ICI’s latest quarterly assessment shows retirement assets account for 36% of all household financial assets in the United States.
Data and Research
Despite concerns about their employees' ability to save enough for retirement, few nonprofit 403(b) plan sponsors use targeted education or offer financial wellness programs.
More investors surveyed prefer a 401(k) over a pension, and they do not want to give up control of all retirement savings actions.
Many retirees find the retirement life brings more satisfaction and less worry than they anticipated.
Target-date funds are expected to capture almost 90% of 401(k) contributions by 2019.
Lower investable assets and higher health care costs are delaying retirement for the 94% of working middle-income Baby Boomers with plans to retire one day.
EBRI finds the percentage of all families with an individual account retirement plan, such as a 401(k) plan or an IRA, has decreased.
Employers sponsoring 401(k) plans use a range of employer match formulas and offer a variety of investment choices with lower fees.
A typical DB plan provides equivalent retirement benefits at about half the cost of a DC plan, the NIRS says.
PSCA’s 57th Annual Survey shows plan sponsors are increasing efforts to encourage retirement savings among employees.
Providing a matching contribution and access to an adviser were ranked by plan sponsors as the most important actions to encourage employees to save.
Just one in five retirement-age Americans can pass a basic quiz on strategies to make their nest eggs last throughout retirement.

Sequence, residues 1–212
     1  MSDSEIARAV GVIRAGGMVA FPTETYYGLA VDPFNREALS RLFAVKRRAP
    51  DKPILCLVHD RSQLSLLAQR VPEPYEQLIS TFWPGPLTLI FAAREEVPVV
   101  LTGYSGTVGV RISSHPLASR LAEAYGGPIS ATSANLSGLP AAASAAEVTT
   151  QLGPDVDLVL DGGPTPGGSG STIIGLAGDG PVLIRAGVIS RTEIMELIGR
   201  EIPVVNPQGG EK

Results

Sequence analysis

Commentators are questioning the accuracy of Census Bureau data that examines how well off Americans are in retirement.
Many retirement savers are focused on income guarantees and establishing a level of protection against market volatility, according to the Allianz Life 2014 Market Perceptions Study.
Mobile-optimized sites with transaction capabilities are slowly but surely entering the retirement planning picture, according to Corporate Insight research.
Nearly half of working professionals think their employer does not invest enough in their health and wellness, a survey says.
Women’s path to a financially secure retirement is filled with many obstacles, a global survey shows.
While 64% of Millennials say they have a financial plan, most believe they are only saving half of what they should be, according to a Nationwide Retirement Institute survey.
More than three-fourths of retirement plan sponsors surveyed give their plans a grade of A or B, but only 61% give their employees’ saving habits similar grades.
Americans' retirement expectations were damaged significantly by the “Great Recession,” as seen in a nearly 23% drop in workers retiring early or close to their expected date.